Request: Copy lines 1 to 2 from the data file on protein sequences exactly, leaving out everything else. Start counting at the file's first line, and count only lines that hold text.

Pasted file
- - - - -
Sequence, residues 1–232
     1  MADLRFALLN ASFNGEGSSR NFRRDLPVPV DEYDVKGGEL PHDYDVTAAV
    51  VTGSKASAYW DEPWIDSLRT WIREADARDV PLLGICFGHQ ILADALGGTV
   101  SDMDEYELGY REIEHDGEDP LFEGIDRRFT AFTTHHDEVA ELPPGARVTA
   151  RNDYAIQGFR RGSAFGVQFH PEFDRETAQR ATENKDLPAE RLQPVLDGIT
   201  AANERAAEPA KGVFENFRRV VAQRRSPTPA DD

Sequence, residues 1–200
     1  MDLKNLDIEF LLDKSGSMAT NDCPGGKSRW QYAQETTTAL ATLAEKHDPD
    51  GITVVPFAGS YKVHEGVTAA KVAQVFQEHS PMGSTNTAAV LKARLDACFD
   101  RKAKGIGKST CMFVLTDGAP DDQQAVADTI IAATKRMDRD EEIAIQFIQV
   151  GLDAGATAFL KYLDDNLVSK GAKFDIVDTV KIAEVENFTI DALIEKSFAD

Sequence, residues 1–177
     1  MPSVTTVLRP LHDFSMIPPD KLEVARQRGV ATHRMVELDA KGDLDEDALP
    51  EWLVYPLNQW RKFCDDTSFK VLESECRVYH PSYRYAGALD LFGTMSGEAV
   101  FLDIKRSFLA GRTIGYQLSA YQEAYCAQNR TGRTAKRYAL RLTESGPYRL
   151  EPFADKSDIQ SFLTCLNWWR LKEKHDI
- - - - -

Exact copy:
Sequence, residues 1–232
     1  MADLRFALLN ASFNGEGSSR NFRRDLPVPV DEYDVKGGEL PHDYDVTAAV